The chickens of this world are headed for inevitable disaster. According to U.S. Department of Agriculture statistics, the amount of chicken consumption doubled from 1970 to 2004. The population of chickens in the U.S. cannot possibly keep up with the growing world demand. We must all, therefore, conserve our consumption of chickens. Buy only one chicken for the family at Popeye's. Eat more tofu chicken.
For those of you who don"t know, I play piano. One of the things that my piano teachers have told me is that repetition is a great way to remember a piece. Apparently, TCU politicians have taken this to heart. Every year, somebody running for student government tells me how they want to improve programs at the university.
While I admire their efforts, one has to wonder if it's all futile. For our answer, let's turn to everyone's favorite buzz kill: economics.
One thing I hate about studying economics is that it makes it so easy for you to become a killjoy. While I do enjoy taking down a protectionist or arguing with someone about why minimum wage laws hurt the poor, there are some things even I wish weren't true.
Take sports stadiums, for example. I love sports and am a big fan of my hometown teams, but I can't help but think that building a big stadium is a bad idea for economic progress.
We've all made this mistake at some point. We accidently let the door shut on someone, or we offend someone with something we said with no intentional malice. Hopefully, if you are a proper human being, you eventually recognize your error and try to fix it.
There are a few things, however, that go unnoticed as being rude, especially on the college campus level. Here are a few:
A phrase often attributed to former British Prime Minister Benjamin Disraeli reads, "There are three kinds of lies: lies, damned lies and statistics." I hate to be clichÃÂ©, but I think this quote is a perfect example of a situation of which I have become aware.
An article in the Sept. 29 edition of the Daily Skiff titled "Contrary to idea, inequality exists" included the line, "the poverty rate has climbed to its highest point in 15 years, with an astounding 43.6 million Americans in 2009 (a rate of 14.3 percent) living below the poverty line of $22,050 for a family of four."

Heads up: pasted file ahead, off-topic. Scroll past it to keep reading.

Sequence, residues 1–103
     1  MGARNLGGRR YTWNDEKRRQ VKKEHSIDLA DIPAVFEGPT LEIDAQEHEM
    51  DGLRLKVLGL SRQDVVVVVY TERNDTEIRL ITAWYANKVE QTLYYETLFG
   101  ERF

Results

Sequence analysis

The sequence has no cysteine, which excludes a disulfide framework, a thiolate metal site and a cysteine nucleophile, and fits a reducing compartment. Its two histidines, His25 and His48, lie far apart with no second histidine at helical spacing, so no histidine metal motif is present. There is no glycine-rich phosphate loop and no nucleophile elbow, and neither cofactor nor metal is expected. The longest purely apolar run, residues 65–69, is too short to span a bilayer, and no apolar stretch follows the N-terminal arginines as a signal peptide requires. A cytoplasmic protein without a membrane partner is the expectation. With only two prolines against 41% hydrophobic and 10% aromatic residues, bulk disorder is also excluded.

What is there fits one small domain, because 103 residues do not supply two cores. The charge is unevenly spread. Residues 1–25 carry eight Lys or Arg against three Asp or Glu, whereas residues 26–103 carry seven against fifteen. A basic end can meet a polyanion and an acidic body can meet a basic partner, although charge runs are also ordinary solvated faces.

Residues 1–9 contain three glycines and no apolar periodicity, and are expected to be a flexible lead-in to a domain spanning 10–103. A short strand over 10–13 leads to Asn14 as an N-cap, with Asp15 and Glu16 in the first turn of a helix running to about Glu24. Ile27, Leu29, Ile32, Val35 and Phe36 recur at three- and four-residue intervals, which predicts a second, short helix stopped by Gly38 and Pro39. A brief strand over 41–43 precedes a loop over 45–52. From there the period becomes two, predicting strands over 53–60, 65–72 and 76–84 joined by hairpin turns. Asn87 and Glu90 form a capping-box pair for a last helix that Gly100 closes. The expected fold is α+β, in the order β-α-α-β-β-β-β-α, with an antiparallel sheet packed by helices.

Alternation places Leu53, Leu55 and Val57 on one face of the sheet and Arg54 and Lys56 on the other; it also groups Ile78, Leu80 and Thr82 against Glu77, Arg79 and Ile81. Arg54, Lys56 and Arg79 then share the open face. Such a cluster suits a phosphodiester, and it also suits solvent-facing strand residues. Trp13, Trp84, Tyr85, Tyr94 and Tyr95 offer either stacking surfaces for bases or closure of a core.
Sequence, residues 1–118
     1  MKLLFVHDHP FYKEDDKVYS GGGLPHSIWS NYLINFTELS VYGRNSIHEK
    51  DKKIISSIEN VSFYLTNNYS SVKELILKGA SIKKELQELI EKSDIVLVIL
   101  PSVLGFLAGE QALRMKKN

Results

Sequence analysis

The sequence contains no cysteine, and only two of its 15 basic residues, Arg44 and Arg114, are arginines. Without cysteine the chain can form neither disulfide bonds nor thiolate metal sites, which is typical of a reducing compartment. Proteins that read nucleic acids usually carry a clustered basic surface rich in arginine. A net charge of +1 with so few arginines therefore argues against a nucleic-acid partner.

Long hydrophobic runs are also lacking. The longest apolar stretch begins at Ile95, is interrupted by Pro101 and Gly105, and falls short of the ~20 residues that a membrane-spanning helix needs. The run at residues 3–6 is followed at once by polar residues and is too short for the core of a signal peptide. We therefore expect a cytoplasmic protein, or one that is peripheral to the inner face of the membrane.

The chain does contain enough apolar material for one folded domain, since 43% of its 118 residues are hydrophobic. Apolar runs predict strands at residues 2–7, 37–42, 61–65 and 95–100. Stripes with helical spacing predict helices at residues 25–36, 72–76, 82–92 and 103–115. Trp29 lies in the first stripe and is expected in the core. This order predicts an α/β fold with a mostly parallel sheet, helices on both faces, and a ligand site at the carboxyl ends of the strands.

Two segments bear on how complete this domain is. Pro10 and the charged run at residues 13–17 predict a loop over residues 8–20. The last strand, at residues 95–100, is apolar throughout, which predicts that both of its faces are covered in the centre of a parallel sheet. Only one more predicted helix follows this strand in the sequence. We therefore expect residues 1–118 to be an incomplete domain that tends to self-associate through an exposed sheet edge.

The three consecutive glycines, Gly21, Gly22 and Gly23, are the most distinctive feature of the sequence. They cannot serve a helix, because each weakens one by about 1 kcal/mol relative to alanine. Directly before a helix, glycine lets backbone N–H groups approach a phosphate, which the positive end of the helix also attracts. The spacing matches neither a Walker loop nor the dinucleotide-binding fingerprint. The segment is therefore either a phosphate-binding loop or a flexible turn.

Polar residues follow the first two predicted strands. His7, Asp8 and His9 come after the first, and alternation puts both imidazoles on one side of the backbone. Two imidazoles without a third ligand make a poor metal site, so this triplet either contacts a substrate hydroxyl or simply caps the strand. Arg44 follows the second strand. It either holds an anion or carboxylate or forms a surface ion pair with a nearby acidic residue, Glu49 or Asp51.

It seems logical that people believe things only if the evidence tells them so. But in my experience, this is not the case. People mostly only believe what they hear on TV from wackos like Dr. Oz, old wives' tales from their moms or just talk amongst their friends. That's fine. People don't have the time to look at every single thing they hear to make sure it's true. Other times, it can create problems.
Take teachers' salaries, for instance. It's pretty much understood that teachers are underpaid and educate our children for little money. Or is it?
It's great when I'm able to get through to people. When I'm able to show someone that trade is actually a good thing or how the minimum wage can hurt the poor, I know I've made a difference.
It stills pains me, however, to read articles like the one in the Skiff Tuesday that begins with "The university bookstore showed its support for ethical business practices by beginning to offer products from a new clothing line committed to a humanitarian effort."
I've been writing these opinions for two years and a lot has changed around TCU. The university added Scharbauer Hall, and Milton Daniel Hall is now a pleasure to live in. One thing I've noticed, however, is that environmentalism has changed on campus. Instead of being pushed in my face like it was freshman year, the issue has, thankfully, softened up. The change made me think back to a column I wrote as a freshman but never got published. I thought recalling it would make a statement to environmentalists or those who have environmentalist tendencies.
In a great win for common sense, Californians decided to put the question of legalizing marijuana on the November ballot. If successful, this would make it the first state to legalize marijuana.
The war on drugs is a failure. It created an underground economy that has been detrimental to tax payers as well as those in poor neighborhoods because it created dangerous gangs and drug wars.
Unfortunately, these reasons alone are not enough for some people to support the legalization of marijuana. These proponents bring up one particular reason to legalize marijuana: taxation.